By Olga Kharif In an Aug. 9 move that could provide a boost to the deployment of radio frequency identification (RFID) gear, about 20 companies announced the formation of the industry's first patent-licensing consortium. The group, which brings together more than half of the industry's suppliers, aims to pool its members' patents and license them out.
But one company, a key player in the RFID field, Everett (Wash.)-based Intermec, part of Unova (UNA), is conspicuously missing.
Officially, the consortium's mission is to speed up adoption of RFID, used to track goods in manufacturing or in the supply chain, by making licensing of RFID-related intellectual property less of a hassle (see BW Online, 8/9/05, "RFID's Second Wave").
NEXT GENERATION. But chances are, one of the real goals of the consortium -- which joins suppliers like Alien Technology, Symbol Technologies (SBL), and Avery Dennison (AVY) -- is arm-wrestling Intermec, which owns the lion's share of intellectual property relating to next-generation RFID technology.
Intermec holds key patents on so-called Gen 2 RFID. Expected to hit the market in late 2005 or early 2006, Gen 2 should offer huge improvements over older RFID systems. Gen 2 tags, which are placed onto pallets of goods so they can be scanned by RFID readers to track the cargo en route, can be read at longer distances and promise more reliability.
And Gen 2 tags and readers from different suppliers will interoperate for the first time, offering the potential to drastically reduce costs of RFID deployments, says Chantal Polsonetti, an analyst with tech consultancy ARC Research.
DISCOUNT DEAL. Thus, Gen 2 is widely expected to persuade companies running RFID trials to move to full-scale deployment -- and to jump-start a broad-based adoption of the technology. It will be key to expanding the RFID industry, from $1.7 billion last year to $5.9 billion by 2008, according to technology-market researcher Venture Development Corp.
Intermec hopes to benefit from this growth handsomely, because all Gen 2 suppliers will need to license some of its 149 patents. In fact, license sign-ups are going full speed. In May, Intermec announced its Rapid Start Licensing Program, under which suppliers that sign up before Sept. 1 will pay 75% lower up-front licensing fees and also gain access to all of Intermec's patent portfolio.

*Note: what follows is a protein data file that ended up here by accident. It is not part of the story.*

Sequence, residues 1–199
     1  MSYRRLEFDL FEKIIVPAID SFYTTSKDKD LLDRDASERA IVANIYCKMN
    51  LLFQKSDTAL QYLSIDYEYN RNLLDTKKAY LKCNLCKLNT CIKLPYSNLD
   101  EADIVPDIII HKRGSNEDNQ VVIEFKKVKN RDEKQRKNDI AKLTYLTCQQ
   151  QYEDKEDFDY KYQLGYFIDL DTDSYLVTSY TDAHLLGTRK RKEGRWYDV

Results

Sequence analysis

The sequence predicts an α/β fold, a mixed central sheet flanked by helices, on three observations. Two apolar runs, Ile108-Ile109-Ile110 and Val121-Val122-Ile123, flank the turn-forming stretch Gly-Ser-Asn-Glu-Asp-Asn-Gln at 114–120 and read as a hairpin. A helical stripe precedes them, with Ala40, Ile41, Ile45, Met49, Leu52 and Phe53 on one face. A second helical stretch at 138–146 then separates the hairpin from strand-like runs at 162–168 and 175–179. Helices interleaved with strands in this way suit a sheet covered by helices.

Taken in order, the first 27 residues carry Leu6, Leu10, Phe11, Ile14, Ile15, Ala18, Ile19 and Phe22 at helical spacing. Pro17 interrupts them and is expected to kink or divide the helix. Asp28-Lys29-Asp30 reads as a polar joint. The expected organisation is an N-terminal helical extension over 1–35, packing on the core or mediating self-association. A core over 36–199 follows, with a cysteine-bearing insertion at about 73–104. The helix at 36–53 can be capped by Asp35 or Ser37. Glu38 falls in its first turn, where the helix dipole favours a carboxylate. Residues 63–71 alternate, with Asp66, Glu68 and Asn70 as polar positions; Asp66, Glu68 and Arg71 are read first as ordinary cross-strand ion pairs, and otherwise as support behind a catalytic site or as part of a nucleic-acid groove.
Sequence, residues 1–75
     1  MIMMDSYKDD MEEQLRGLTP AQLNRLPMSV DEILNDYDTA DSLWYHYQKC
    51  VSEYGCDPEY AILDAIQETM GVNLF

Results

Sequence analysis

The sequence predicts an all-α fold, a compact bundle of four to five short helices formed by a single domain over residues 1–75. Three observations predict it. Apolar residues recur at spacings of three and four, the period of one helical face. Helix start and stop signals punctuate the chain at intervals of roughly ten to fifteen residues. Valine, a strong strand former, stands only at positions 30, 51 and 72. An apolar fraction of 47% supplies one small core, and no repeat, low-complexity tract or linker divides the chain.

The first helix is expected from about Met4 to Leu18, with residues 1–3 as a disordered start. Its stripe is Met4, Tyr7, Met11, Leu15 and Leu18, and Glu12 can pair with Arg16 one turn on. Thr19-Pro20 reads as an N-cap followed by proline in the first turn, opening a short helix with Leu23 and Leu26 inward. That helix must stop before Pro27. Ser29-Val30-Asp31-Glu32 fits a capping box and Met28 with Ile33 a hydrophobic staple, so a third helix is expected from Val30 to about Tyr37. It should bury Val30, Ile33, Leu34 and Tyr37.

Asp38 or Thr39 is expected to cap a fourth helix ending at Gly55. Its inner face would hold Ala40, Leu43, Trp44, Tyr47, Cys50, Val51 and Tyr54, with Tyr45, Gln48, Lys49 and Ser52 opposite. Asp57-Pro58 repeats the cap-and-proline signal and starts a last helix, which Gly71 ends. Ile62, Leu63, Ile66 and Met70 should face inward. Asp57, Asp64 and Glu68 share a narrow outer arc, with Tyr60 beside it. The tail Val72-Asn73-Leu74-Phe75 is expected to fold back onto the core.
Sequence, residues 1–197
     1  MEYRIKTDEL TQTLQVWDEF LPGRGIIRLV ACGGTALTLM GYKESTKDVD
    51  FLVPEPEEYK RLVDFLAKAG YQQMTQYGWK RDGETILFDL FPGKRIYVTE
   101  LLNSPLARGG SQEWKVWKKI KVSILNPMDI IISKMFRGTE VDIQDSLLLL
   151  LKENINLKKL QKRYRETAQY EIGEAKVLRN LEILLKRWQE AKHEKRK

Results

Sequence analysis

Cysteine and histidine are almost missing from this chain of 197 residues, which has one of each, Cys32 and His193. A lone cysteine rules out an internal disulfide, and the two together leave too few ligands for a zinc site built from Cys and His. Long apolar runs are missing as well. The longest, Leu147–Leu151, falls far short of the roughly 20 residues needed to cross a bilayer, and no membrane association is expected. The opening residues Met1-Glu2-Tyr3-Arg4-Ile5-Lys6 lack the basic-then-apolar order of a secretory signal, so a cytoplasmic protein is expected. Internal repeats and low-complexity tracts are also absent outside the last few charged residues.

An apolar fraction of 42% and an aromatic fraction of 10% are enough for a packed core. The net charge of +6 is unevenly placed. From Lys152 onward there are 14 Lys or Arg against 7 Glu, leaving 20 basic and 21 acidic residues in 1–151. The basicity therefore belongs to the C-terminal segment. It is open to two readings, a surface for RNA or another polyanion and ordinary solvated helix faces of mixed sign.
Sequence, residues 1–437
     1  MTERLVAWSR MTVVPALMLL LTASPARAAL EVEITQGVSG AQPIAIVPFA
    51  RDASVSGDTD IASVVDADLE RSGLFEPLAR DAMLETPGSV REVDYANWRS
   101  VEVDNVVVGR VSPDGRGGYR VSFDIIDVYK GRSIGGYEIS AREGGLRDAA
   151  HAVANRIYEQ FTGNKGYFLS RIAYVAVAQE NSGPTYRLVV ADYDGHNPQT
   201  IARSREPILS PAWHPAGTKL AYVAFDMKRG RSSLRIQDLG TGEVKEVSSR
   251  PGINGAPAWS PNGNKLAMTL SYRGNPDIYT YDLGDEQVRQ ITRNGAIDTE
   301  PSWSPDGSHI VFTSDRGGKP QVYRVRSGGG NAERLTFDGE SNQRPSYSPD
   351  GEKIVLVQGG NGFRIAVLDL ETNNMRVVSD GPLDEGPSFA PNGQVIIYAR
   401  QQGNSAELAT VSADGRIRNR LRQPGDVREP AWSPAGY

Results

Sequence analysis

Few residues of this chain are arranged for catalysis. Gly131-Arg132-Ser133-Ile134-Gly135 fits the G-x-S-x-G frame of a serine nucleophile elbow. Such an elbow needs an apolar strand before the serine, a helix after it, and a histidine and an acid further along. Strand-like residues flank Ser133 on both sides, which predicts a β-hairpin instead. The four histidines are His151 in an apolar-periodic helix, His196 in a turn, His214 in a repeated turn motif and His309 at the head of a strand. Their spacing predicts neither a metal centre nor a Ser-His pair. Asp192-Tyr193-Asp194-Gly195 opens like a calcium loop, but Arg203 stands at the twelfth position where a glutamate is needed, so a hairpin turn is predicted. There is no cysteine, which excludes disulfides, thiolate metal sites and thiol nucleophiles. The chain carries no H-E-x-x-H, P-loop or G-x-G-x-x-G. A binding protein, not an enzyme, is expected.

Companies that miss this promotion might end up paying 50% more than the discounted fee later, according to ARC Research. So it's no wonder that "there's very strong demand for the program," says Tom Miller, president of Intermec. Licensees announced so far include RFID powerhouse Zebra (ZBRA), which also belongs to the consortium.
PRESSURE TO JOIN. But here's the glitch: Perhaps believing the fees are still too high, some of the biggest names in RFID have likely held out of participating in the program, says Erik Michielsen, an analyst at tech consultancy ABI Research.
Instead, these industry heavyweights have formed this consortium. Why? Perhaps they hope that, collectively, they could further lower Intermec's fees and reduce its power by persuading the company to join the consortium. "It isn't our intention in any way to attack their Rapid Start program," says Stan Drobac, designated spokesperson for the consortium and vice-president for RFID strategy and planning at Avery Dennison.
Often today, a company wishing to make RFID gear has to sign licensing agreements with dozens of patent-holders. The consortium will cut the amount of legwork. "We want to offer one-stop-shop licensing," Drobac said. The consortium still awaits approval from the Justice Dept.'s antitrust division.
WAIT AND SEE. The group could also, potentially, use the consortium's patents as a bargaining tool. Intermec typically licenses its patents in exchange for royalties as well as for access to its licensees' RFID patents. When the consortium becomes operational, probably in early 2006, its member companies might be able to bargain not only with their own patents but also with other members' patents. That could force Intermec to lower its prices as well.
Already, chances are, the consortium's formation will slow Intermec's license signings, as various companies wait to see if Intermec joins, says Reik Read, an analyst with investment bank Robert W. Baird & Co. "When you get a level of uncertainty, companies tend to wait and see what happens," he says. (Robert W. Baird, in a disclosure form, says it might be receiving compensation from Symbol Technologies, which is embroiled in patent litigation with Intermec.)
It will take a lot of work for the consortium to represent a real threat to Intermec. Its members wouldn't want to trigger any antitrust inquiries. More important, the consortium is a volunteer organization, so its members don't have to place all of their RFID patents into the pool.
FUTURE SHOCK? So the consortium could, potentially, simply end up as a dumping ground for useless patents. Plus, "There is no guarantee at all that all essential patent-holders are going to participate," says consortium member Carl McGrath, who is also chief technology officer at system integrator Tyco Fire & Security (TYC). Tyco is currently in discussions with Intermec, he says.
For this reason, Intermec is not worried at this point. "We don't see any impact on Intermec's Rapid Start licensing program from this consortium," Miller said in a prepared statement.
Yet, an impact could come later, as the consortium gains momentum in 2006 -- a crucial year for Gen 2 technology adoption. This is the consortium's warning shot. And Intermec might do well to take the warning seriously. Kharif is a reporter for BusinessWeek Online in Portland, Ore.